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One of Central Africa’s largest hydrocarbon producers, Gabon is gradually recovering from the unfavorable economic climate created by lower energy prices. Despite oil production declining by 4.3%, real GDP growth reached an estimated 2.0% in 2018, up from 0.5% in 2017. The upturn was spurred by nonoil sectors, particularly commercial agriculture (13% growth), manganese mining (45%), logging (14%), lumber (10%), and telecommunications (18%). Unemployment remains a major concern because the hydrocarbon sector, the primary driver of the economy, generates few jobs and because the economic crisis’s impact on employment can be only partially offset by other economic sectors, such as wood processing and export agriculture.
The fiscal deficit improved from 6.6% in 2016 to 3.6% in 2017 to an estimated 0.3% in 2018, largely through fiscal consolidation, a component of the Central African Economic and Monetary Community (CEMAC) response to reduced oil prices. Gabon concluded a three-year agreement (2017–19) with the International Monetary Fund for an Extended Credit Facility, supported by the African Development Bank and other international partners.
One important move by the Bank of Central African States in 2018 was to tighten monetary policy while raising the interest rate from 2.95% to 3.5%. Inflation was an estimated 2.8% in 2018, down from 3.0% in 2017 and below the CEMAC requirement of 3%.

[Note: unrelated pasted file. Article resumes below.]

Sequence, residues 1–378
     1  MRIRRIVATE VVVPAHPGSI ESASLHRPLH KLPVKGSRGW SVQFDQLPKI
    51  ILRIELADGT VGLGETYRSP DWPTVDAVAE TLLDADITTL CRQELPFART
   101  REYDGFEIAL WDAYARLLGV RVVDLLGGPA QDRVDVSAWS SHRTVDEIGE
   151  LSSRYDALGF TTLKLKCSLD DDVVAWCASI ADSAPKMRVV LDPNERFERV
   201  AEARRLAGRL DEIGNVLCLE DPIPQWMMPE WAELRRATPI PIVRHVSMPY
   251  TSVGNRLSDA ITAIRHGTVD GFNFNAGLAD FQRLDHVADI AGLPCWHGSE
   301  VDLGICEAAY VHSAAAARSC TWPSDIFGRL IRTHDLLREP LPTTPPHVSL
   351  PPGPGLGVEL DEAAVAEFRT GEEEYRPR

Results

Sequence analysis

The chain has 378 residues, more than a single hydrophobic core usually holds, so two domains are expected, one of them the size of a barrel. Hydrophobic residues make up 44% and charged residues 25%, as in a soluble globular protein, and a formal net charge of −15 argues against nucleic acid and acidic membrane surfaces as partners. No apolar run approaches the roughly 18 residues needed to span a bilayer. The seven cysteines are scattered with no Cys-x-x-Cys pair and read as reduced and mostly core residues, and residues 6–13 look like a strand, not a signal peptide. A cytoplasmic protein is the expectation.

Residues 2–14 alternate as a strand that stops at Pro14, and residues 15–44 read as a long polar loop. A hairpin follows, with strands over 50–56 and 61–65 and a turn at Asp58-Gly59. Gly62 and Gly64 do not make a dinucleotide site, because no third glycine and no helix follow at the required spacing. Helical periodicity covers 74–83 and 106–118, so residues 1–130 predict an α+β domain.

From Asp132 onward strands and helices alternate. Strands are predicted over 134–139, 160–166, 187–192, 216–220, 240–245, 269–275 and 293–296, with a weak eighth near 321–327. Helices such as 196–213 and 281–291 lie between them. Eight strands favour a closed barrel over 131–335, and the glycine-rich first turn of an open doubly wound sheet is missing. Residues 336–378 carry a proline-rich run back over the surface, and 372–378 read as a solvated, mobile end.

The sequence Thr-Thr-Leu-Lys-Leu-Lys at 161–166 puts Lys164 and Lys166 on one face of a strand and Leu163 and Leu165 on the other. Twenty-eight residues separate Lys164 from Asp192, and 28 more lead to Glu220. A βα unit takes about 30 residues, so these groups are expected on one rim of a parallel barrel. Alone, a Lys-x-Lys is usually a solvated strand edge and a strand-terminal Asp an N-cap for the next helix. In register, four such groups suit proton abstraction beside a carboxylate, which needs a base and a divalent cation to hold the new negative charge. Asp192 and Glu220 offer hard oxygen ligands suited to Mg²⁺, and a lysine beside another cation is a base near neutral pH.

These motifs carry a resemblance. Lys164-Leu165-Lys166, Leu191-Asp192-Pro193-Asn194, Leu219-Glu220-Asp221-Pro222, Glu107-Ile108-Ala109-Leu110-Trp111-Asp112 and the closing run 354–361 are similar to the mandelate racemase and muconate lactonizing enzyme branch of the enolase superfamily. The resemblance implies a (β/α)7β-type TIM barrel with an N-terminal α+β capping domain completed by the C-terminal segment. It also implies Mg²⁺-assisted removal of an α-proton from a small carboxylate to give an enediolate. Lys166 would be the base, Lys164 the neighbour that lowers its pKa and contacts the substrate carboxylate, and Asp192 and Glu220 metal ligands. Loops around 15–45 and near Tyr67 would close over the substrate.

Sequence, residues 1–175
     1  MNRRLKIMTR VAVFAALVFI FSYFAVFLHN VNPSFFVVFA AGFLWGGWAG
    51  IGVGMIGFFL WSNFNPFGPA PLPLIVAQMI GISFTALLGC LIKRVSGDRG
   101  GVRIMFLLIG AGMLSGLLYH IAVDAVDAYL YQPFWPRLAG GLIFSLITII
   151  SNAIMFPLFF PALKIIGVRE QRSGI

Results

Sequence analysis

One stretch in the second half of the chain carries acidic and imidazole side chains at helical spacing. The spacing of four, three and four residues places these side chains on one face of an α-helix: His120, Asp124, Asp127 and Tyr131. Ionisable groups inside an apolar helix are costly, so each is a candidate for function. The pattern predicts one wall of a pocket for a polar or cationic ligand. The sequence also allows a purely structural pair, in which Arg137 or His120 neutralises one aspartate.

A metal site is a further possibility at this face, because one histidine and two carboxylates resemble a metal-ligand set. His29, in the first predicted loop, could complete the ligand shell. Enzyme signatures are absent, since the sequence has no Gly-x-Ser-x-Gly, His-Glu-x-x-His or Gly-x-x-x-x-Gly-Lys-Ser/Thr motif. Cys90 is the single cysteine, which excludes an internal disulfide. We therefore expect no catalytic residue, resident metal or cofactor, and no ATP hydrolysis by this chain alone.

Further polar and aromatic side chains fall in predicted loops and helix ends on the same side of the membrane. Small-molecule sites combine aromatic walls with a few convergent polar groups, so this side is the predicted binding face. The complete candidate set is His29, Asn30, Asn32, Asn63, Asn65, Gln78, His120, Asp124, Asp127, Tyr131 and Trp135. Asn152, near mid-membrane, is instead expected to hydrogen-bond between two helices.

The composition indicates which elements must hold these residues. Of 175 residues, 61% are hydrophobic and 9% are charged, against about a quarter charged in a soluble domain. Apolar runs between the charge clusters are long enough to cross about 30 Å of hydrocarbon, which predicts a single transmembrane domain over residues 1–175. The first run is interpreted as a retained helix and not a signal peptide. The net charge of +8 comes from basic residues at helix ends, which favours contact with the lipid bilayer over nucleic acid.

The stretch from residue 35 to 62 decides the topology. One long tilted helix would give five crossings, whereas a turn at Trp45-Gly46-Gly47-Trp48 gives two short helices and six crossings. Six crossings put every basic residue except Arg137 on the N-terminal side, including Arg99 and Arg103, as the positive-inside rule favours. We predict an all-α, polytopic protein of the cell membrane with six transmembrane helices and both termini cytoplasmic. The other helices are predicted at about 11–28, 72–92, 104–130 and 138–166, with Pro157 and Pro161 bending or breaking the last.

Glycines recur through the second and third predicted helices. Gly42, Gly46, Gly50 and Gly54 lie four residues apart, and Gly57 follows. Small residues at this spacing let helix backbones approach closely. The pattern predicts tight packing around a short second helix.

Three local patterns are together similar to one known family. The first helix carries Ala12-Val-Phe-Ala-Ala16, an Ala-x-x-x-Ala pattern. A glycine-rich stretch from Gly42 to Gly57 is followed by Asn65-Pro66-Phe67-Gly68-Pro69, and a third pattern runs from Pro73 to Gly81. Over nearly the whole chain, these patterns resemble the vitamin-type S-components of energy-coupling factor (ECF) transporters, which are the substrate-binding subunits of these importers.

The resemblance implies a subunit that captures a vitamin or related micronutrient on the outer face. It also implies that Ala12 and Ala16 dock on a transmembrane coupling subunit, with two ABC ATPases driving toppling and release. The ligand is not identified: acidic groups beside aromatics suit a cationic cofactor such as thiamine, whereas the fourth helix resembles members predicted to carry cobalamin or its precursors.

The current account deficit dropped to 1.5% of GDP in 2018 from 4.9% in 2017. Despite lagging oil production, total export revenue has increased thanks to stable oil prices as well as lumber and manganese exports.
Short-term outlooks project real GDP to grow by 3.4% in 2019 and 2020. Growth will be spurred by nonoil sectors (agriculture, mining, and manufacturing) thanks to the ongoing diversification of the productive base of the economy. On the demand side, exports (6.3% growth) and investment (3.0% growth) will be the primary growth factors. Inflation is projected to remain low at 2.3% in 2019 and 2.5% in 2020. The budget balance and current account balance are also projected to improve.
The growth outlook will hinge on authorities’ ability to continue implementing reforms to consolidate the macroeconomic framework. Sound budget execution and cash flow management will be important to avoid the recurrent problem of accumulating external arrears, which reduces the country’s solvency. Given the weight of the oil sector, another risk factor is declining oil production, particularly if new fields do not become productive.
Like other CEMAC countries, Gabon faces serious challenges. These include low reserves, low economic activity, and insufficient protection for the most vulnerable groups of the population. To overcome these challenges and shore up progress, Gabon must remain aligned with the coordinated efforts of CEMAC countries and continue the fiscal consolidation already under way. To this end, Gabon must protect priority expenditures and continue reforms aimed at improving the business climate and governance to stimulate growth and diversification of the economy, with the private sector the main growth catalyst.
Gabon views structural transformation of the economy as a key development strategy. Specifically, Gabon has promoted the local processing of timber, palm oil, and manganese. As a result, manufacturing accounted for roughly 10% of GDP in 2017, compared with 6% in 2012.
A timber processing industry emerged in Gabon after the 2009 ban on the export of raw logs. This has been made possible through a special economic zone and public–private partnerships. Gabon is now Africa’s largest exporter of wood veneers and plywood and one of the world’s top 10 producers.
Three plants for processing palm oil have opened. The country is exporting palm oil-derived products, which has boosted the agrofood sector.